Texas AgriLife Research water quality lab receives accreditation
The Texas AgriLife Research water quality laboratory near Vernon recently became the latest lab in the Texas A&M University System to be accredited by the National Environmental Laboratory Accreditation Conference (NELAC). The lab was certified as a Biosafety Lab 2 for the Environmental Protection Agency method of E. coli isolation.
This accreditation is a new requirement of the Texas Commission on Environmental Quality (TCEQ) on all data submitted to the commission for permitting or remediation purposes, said Dr. Paul DeLaune, AgriLife Research environmental soil scientist and lab director.
The Soil and Aquatic Microbiology Laboratory at Texas A&M University, the Texas Institute for Applied Environmental Research in Stephenville, and the Environmental Microbiology Laboratory at Texas A&M – Corpus Christi also each received NELAC accreditation earlier this year.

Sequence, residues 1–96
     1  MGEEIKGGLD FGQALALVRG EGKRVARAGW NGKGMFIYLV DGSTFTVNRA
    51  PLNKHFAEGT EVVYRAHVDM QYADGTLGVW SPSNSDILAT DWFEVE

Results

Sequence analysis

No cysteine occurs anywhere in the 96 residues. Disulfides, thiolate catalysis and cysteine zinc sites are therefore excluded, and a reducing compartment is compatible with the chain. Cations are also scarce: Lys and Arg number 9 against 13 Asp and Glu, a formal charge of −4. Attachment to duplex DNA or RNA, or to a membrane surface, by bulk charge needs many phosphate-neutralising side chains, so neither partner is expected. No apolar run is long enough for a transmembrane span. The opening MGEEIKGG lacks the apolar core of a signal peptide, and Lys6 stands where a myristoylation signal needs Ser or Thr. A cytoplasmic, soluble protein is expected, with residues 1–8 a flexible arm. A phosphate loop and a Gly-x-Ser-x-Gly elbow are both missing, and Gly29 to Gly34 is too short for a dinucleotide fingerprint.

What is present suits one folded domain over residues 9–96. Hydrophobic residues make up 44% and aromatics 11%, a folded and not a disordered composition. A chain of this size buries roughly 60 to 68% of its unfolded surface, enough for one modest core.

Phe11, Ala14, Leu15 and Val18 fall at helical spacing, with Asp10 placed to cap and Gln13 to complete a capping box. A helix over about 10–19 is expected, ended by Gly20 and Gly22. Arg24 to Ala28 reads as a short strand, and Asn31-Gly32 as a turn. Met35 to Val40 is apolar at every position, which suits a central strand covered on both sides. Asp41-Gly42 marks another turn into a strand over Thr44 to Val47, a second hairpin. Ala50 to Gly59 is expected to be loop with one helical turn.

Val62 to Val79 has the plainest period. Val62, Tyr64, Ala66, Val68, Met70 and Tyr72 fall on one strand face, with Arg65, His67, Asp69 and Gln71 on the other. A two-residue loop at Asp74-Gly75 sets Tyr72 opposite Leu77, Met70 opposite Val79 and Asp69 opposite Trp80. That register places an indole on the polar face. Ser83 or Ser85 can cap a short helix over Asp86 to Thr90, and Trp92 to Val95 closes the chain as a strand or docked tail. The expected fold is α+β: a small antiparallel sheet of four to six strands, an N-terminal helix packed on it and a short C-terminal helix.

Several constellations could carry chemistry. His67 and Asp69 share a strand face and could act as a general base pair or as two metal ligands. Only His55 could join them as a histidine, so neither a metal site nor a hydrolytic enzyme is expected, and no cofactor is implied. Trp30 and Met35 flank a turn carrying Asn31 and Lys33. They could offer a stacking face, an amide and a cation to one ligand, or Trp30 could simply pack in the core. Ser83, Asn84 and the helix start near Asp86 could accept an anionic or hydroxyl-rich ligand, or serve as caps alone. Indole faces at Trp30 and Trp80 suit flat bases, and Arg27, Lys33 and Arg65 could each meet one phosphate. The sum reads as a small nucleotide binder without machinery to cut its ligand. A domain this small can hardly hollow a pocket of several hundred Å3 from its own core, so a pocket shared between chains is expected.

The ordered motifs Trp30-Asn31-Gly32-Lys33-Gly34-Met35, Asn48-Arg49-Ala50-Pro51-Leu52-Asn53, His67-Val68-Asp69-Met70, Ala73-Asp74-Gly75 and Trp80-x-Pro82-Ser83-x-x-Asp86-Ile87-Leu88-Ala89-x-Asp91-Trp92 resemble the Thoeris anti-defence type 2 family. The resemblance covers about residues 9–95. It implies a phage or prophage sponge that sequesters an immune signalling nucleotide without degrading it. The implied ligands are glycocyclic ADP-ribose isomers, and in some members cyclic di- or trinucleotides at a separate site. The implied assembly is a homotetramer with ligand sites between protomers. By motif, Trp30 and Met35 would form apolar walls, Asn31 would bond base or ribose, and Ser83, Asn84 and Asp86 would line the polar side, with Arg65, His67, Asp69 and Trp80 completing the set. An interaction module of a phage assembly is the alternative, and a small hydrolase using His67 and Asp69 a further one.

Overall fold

The water quality lab’s accreditation would include data collected under the Texas Water Resources Institute’s (TWRI) Watershed Protection Plan Development for Buck Creek project, but also will provide many opportunities for water research throughout the High Plains and Rolling Plains in the future, DeLaune said.
The Texas State Soil and Water Conservation Board (TSSWCB) funds the Buck Creek project through federal Clean Water Act funds by the Environmental Protection Agency, said Phyllis Dyer, a research associate for AgriLife Research.
Monitoring of the Buck Creek Watershed, a part of the Red River Basin, began in 2004 after it was determined that the stream did not meet all Texas Surface Water Quality Standards, Dyer said.
TWRI, AgriLife Research, TSSWCB, Texas AgriLife Extension Service, Red River Authority and local soil and water conservation districts, are working to identify the specific sources of the bacteria, evaluate alternatives for restoring the creek and develop a watershed protection plan, she said.
“This accreditation means all of our data can be used to report to TCEQ for further determination of Buck Creek Watershed's overall health,” Dyer said. “Hopefully, because of our research data, Buck Creek can be removed from the 303d list for bacteria impairment.”
To learn more, read the Ag News story here.